A recent partnership between the IT automation developers at Puppet Labs and the security policy orchestration gurus at Tufin Technologies could start setting the pace for how orchestration of security policies can more easily be baked into DevOps practices. Announced at last month’s RSA Conference, the partnership yielded an integration between Puppet Enterprise and Tufin Orchestration Suite. This will make it possible for joint customers to streamline the configuration and provisioning of security policy changes to iptables, a host-based firewall commonly found on physical and virtual Linux servers.
“We expect Security Policy Orchestration to become a core requirement for our customers,” says Nigel Kersten, CIO at Puppet Labs. “Integrating with Tufin enables our customers to quickly and effectively address connectivity requirements across the enterprise without compromising security.”
The integration is an indication of the market’s need for better tools to help DevOps shops speed up the pace of application and network changes while maintaining a strong security and compliance posture. Today’s firewall and security policy changes are often handled in a manual, error-prone process—even at some of the largest enterprises. A recent survey commissioned by Tufin found that the vast majority of IT professionals reported having to correct 20 percent to 60 percent of security policy changes in their organizations after the fact.
“This is incredibly useful to our customers and ensures that security is woven into the server’s connectivity requirements,” says Reuven Harrison, CTO of Tufin. “As the convergence of security and network operations continues, this module enables our customers to manage change with automation that delivers tangible business value.”
According to Harrison, firewalls play a dual role in network operations, both providing security through network segmentation and connecting applications to the network across multiple touch points.
“It’s the latter that makes them relevant to DevOps folks,” he says. “Firewalls see the both application and the network, which makes them an ideal source of information for modeling applications. Load-balancers are also good for this.”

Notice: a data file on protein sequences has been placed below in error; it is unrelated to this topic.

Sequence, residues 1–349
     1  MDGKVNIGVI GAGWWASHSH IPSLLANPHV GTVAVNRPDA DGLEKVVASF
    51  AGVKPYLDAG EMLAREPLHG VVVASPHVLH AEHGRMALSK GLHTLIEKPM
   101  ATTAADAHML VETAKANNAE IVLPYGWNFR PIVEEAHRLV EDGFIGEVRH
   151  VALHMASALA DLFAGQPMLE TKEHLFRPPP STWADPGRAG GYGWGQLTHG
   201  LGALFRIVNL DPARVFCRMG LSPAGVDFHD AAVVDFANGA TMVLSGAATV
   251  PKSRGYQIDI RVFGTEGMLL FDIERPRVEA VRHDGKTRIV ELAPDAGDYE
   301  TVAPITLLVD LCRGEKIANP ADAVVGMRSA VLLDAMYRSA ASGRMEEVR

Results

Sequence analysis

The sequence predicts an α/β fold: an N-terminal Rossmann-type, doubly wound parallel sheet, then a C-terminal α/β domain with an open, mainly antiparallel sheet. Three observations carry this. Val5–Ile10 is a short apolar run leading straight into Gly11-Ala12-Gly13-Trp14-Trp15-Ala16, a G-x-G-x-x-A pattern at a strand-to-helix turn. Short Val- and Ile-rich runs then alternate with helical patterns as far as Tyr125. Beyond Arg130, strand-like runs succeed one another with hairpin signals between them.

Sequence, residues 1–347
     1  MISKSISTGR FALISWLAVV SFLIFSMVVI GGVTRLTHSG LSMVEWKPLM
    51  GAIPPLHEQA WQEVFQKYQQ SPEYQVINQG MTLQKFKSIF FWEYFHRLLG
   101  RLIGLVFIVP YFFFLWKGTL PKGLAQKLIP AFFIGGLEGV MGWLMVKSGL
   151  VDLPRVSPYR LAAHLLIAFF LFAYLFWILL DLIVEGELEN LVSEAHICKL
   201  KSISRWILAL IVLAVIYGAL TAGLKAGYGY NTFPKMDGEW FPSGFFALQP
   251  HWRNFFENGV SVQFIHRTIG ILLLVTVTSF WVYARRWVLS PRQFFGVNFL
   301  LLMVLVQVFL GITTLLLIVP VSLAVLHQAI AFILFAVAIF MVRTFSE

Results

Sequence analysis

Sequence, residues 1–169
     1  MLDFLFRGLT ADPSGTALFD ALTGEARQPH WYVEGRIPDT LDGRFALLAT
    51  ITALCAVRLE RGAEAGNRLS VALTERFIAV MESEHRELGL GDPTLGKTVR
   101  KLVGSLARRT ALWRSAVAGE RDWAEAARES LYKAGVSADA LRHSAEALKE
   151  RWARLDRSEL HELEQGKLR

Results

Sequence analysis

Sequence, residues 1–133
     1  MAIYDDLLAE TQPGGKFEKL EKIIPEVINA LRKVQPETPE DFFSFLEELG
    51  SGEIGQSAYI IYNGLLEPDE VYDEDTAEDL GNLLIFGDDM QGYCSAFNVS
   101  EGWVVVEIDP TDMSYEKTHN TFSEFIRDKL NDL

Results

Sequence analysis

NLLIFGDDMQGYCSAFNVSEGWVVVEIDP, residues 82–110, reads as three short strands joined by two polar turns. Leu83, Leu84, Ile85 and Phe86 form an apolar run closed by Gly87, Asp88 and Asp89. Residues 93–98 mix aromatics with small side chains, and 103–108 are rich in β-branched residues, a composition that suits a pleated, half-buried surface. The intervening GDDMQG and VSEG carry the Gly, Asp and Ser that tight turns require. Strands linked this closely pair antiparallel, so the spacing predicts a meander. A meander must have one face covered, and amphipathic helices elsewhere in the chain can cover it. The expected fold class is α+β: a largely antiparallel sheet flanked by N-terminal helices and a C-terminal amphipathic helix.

This is why the industry is starting see a convergence between these two technologies, and also why Tufin has pushed for an evolution from firewall management into the sphere of security policy orchestration.
“Security policy orchestration aids with use cases for firewalls and other network infrastructure as they relate to applications,” Harrison says. “It ensures security policy changes are automated and account for security and compliance considerations not just for network access but also for application connectivity.”
Harrison believes that while security may not necessarily be the chief selling point for evolving to DevOps practices at some firms, the movement could present opportunities to more closely fold security into a more rapid application release cycle. He believes it will be an imperative in complex cloud environments.
“As cloud infrastructure matures and gains acceptance from larger and more traditional companies, security will have to be baked into the application release process,” he says. “That means securing not just the application code but also the infrastructure on which it resides.”
As things stand, Harrison believes that security is typically split into two distinct layers. There’s the application security layer, typically dominated by code security and penetration testing and then network security that is preoccupied by zone segmentation, encryption, authentication and the like.
“Eventually these two layers, along with some emerging technologies such as virtual networks, will converge,” he says, “and DevOps will handle it end-to-end.”